4 ways to use Big data to grow your business

by bold-lichterman

Advertising, e-commerce, city management, Internet browsing behavior, Big data this, Big data that… Big data is everywhere and everywhere. If the amount of data generated on the web seems impressive, you still need to know how to process and use it to make it useful to your business.

When a business opens its site and does a complete overhaul, there can be a significant mismatch between the marketing department’s traffic intentions and audience reality. Big data, thanks to many easy-to-implement analysis tools (a few HTML lines most of the time) make it possible to obtain a wealth of important and useful data.

This is of course quantitative data, such as the number of visits, unique visitors, consultation hours … but also – and this is perhaps the most important – qualitative data:

  • country of origin of visitors: do they really match your customers?
  • demographics of visitors: age, sex, etc.
  • visitor operating system: is your site optimized?
  • browsers used: are the website and its modules compatible?
  • sources of traffic: what shares represent Google, social networks, etc.
  • mobile consultation: if they are important, is the site responsive ?

Using social media analysis tools offers a double advantage: knowing the image your business enjoys, and measuring customer satisfaction. By listening to what is being said on Twitter, Facebook, Instagram … a company obtains almost instantaneous feedback on customer experiences, replacing the old satisfaction forms that are tiresome for consumers and sometimes incomplete for marketers. Here, speech being free, it is the latter who take the initiative to express themselves, thus avoiding the intrusive nature of an advertisement encouraging visitors “to take a few minutes to answer a questionnaire”. A company can therefore better understand the desires and needs of its customers in order to offer responsive customer service to meet needs that it had not thought of … These elements win customer loyalty.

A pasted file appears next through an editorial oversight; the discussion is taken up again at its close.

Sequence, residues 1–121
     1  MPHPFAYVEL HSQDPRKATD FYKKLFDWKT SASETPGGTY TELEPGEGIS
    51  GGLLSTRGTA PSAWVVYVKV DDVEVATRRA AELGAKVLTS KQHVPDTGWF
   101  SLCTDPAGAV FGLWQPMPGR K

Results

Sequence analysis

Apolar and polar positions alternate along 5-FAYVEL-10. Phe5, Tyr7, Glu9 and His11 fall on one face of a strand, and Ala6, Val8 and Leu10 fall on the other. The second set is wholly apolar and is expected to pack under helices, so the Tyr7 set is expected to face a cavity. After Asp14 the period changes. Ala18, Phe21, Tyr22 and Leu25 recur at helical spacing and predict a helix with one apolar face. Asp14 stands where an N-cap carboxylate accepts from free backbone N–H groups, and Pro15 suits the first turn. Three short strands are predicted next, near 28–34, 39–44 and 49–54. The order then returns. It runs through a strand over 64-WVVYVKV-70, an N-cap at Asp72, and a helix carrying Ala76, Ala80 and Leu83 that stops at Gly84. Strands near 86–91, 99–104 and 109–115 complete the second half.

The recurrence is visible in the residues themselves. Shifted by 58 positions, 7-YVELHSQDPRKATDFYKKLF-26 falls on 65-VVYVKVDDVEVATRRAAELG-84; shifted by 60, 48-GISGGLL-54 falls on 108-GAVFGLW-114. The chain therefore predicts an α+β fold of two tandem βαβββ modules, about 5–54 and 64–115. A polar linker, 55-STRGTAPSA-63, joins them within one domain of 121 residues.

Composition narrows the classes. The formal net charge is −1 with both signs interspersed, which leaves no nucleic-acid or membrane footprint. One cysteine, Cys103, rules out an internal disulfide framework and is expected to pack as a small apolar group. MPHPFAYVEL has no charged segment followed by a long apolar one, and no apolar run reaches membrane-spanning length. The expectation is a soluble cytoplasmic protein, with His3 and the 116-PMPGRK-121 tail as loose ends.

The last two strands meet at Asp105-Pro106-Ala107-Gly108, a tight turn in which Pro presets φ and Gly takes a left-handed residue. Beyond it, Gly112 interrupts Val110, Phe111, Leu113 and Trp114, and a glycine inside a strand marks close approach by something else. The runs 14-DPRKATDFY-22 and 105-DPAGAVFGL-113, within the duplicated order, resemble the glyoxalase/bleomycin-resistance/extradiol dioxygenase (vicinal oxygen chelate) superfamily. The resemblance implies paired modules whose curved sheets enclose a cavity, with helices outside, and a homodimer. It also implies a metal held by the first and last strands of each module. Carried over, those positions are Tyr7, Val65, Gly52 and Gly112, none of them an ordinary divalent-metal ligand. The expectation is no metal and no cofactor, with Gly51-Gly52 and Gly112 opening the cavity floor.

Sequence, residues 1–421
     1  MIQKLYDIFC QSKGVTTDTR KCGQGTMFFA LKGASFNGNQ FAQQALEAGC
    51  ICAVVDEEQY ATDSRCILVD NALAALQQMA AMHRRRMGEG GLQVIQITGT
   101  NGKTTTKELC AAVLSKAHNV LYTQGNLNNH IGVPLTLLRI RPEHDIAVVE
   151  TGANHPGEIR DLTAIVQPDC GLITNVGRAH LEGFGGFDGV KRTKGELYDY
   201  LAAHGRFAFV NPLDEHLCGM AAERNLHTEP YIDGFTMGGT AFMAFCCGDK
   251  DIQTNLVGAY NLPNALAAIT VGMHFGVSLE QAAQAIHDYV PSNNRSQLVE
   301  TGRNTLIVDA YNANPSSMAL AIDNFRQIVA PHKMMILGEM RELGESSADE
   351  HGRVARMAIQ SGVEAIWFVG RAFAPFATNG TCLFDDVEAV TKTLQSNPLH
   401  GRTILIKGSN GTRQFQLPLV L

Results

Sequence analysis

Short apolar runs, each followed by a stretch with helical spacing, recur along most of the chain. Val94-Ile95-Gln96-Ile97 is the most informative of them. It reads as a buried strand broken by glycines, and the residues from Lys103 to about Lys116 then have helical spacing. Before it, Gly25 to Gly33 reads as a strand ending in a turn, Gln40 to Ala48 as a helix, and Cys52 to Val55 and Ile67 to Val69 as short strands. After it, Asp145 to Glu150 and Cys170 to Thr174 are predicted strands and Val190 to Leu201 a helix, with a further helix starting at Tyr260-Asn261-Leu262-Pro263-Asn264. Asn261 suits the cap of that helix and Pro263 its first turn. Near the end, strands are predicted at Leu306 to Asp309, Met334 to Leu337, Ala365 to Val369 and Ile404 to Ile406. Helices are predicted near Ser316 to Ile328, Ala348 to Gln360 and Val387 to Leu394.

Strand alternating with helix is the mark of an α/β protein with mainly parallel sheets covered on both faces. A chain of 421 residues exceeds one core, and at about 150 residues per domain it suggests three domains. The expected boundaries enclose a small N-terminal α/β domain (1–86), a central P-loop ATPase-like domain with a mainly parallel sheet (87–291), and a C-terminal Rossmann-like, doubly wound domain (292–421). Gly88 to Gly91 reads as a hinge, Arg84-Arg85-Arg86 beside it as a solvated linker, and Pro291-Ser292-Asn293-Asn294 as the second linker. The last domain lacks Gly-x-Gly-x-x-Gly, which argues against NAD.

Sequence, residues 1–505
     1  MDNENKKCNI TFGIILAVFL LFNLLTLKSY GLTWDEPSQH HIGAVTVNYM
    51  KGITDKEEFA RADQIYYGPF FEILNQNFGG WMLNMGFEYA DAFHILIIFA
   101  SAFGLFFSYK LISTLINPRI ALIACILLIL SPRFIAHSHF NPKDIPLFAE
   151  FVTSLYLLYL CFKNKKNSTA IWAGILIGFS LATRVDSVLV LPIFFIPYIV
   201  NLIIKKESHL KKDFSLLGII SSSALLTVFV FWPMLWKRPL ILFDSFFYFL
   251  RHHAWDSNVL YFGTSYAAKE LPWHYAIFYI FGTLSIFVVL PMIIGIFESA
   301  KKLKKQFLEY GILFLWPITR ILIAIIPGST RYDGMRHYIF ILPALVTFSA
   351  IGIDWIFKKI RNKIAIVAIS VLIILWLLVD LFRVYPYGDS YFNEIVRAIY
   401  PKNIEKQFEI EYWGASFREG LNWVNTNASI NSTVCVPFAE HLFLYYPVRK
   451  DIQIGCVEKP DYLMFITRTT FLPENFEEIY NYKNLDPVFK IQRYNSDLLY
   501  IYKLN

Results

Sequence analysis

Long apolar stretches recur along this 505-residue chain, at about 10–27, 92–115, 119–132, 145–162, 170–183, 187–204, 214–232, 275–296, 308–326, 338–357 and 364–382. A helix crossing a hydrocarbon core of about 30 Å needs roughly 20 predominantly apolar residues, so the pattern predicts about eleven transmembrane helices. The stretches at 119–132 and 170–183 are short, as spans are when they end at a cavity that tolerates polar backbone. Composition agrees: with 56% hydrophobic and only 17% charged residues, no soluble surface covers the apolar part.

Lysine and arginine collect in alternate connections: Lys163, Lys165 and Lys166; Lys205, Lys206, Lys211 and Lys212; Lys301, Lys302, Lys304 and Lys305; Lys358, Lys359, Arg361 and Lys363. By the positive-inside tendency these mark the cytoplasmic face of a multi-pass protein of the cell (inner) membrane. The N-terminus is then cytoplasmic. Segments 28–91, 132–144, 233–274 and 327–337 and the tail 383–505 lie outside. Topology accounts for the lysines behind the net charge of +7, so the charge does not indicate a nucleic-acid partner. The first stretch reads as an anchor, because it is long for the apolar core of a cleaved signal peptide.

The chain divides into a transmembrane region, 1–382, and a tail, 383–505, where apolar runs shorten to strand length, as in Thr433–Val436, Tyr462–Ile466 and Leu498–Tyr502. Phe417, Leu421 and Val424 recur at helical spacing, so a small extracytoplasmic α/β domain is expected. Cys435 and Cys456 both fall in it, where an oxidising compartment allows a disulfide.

Internet users – and consumers – leave a significant amount of data on the web. When they browse e-merchants for example. It is possible for a company wishing to boost its sales to solicit this data in order to better segment its customers, and to practice appropriate pricing policies by determining more precisely the propensity to pay of each consumer. In economics, this is called price discrimination.

In the same way as carriers – railways, airlines, etc. – have long used the yield management (a practice which consists in adapting prices according to circumstances and which lead to a multitude of prices for the same trip, editor’s note), Big data can allow companies to adapt price policies. Be careful, however, to respect the law because not all practices are authorized. The European Commission thus carried out a survey in 2013 on online reservation platforms in the airline sector and in hotel accommodation. More and more companies are positioning themselves in the business sales market thanks to big data.

Beyond customers, each company generates data itself, sometimes even without knowing it or realizing it: orders, sales, purchases, contract amounts, management of schedules and hourly volumes, cash flow, etc. Until then, compartmentalized , these data can be complex to handle. With solutions from cloud BI (business intelligence, editor’s note), grouping together in a single interface facilitates the visualization of trends. The result is more height in decisions, and more precise predictions.

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